At La Giostra (a jousting tournament) in 1475, held at the Piazza Santa Croce, Giuliano entered the lists bearing a banner on which was a picture of Simonetta as a helmeted Pallas Athene painted by Botticelli himself, beneath which was the French inscription La Sans Pareille, meaning "The unparalleled one". From then on Simonetta became known as the most beautiful woman in Florence, and later the most beautiful woman of the Renaissance.
Giuliano won the tournament and the affection of la bella Simonetta, who was nominated “The Queen of Beauty” at that event. It is unknown, however, if they actually became lovers.
Simonetta Vespucci died just one year later, on the night of 26–27 April 1476, probably from pulmonary tuberculosis. She was only twenty-two at the time of her death. Her husband remarried soon afterwards. The entire city was reported to mourn her death and thousands followed her coffin to its burial.
Botticelli finished painting The Birth of Venus in 1485, nine years later. Some have claimed that Venus, in this painting, closely resembles Simonetta. This claim, however, is dismissed as "romantic nonsense" by historian Felipe Fernández-Armesto:
The vulgar assumption, for instance, that she was Botticelli's model for all his famous beauties seems to be based on no better grounds than the feeling that the most beautiful woman of the day ought to have modelled for the most sensitive painter.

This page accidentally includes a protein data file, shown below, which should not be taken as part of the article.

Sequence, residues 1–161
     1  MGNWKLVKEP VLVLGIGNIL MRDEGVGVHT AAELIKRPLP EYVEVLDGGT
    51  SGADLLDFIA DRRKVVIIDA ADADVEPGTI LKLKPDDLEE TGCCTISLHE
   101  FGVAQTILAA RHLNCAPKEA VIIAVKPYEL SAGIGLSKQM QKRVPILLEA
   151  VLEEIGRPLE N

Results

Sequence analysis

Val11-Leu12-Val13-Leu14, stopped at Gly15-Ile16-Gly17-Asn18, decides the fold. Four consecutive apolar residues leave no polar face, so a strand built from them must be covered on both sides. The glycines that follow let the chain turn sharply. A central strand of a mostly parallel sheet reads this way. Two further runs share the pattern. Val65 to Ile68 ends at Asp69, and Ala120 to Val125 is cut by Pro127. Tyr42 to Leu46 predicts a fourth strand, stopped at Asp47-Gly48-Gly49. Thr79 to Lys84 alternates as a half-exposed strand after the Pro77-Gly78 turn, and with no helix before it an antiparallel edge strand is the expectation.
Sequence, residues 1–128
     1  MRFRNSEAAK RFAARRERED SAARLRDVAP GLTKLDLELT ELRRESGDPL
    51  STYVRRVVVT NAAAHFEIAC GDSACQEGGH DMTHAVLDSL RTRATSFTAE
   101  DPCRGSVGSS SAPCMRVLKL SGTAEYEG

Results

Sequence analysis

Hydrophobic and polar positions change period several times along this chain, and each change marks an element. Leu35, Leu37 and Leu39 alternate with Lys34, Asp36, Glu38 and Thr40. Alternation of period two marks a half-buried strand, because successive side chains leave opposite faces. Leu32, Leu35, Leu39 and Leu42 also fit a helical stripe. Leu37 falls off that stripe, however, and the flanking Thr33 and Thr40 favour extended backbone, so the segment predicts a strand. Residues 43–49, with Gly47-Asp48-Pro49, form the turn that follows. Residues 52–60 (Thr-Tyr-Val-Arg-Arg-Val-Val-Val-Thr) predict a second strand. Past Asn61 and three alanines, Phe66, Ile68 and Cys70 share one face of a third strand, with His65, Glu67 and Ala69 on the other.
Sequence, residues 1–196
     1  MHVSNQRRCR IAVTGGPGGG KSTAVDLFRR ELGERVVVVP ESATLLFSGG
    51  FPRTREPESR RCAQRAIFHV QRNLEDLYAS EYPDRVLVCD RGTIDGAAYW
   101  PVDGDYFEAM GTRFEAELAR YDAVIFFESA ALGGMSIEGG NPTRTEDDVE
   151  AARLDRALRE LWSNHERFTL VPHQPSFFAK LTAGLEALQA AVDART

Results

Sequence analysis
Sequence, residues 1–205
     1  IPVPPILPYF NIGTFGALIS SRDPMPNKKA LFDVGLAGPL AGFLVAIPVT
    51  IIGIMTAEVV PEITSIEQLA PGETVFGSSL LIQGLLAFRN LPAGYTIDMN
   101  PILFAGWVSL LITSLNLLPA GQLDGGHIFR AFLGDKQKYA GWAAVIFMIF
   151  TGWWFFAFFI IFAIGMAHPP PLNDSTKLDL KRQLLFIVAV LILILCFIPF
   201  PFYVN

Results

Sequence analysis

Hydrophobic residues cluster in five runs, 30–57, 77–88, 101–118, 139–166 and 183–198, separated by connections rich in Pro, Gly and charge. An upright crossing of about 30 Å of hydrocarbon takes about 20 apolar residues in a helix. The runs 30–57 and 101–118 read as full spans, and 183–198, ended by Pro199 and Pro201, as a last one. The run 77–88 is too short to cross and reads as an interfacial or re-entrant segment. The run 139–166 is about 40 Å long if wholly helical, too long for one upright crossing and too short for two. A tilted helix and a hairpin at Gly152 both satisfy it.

Some suggest that Botticelli also had fallen in love with her, a view supported by his request to be buried at her feet in the Church of Ognissanti - the parish church of the Vespucci - in Florence. His wish was in fact carried out when he died some 34 years later, in 1510.
Possible Depictions in Art
Portrait of a Woman by the workshop of Sandro Botticelli, mid-1480s.
Portrait of a woman, said to be of Simonetta Vespucci by Piero di Cosimo, circa 1490.
Flora in Botticelli's Birth of Venus
Detail of the Venus figure in The Birth of Venus by Sandro Botticelli, circa 1484-1486.
A Satyr mourning over a Nymph by Piero di Cosimo, circa 1495.
Regarding each Portrait of a Woman pictured above that is credited to the workshop of Sandro Botticelli, Ronald Lightbown claims they were creations of Botticelli's workshop that were likely neither drawn nor painted exclusively by Botticelli himself. Regarding these same two paintings he also claims "[Botticell's work]shop...executed portraits of ninfe, or fair ladies...all probably fancy portraits of ideal beauties, rather than real ladies."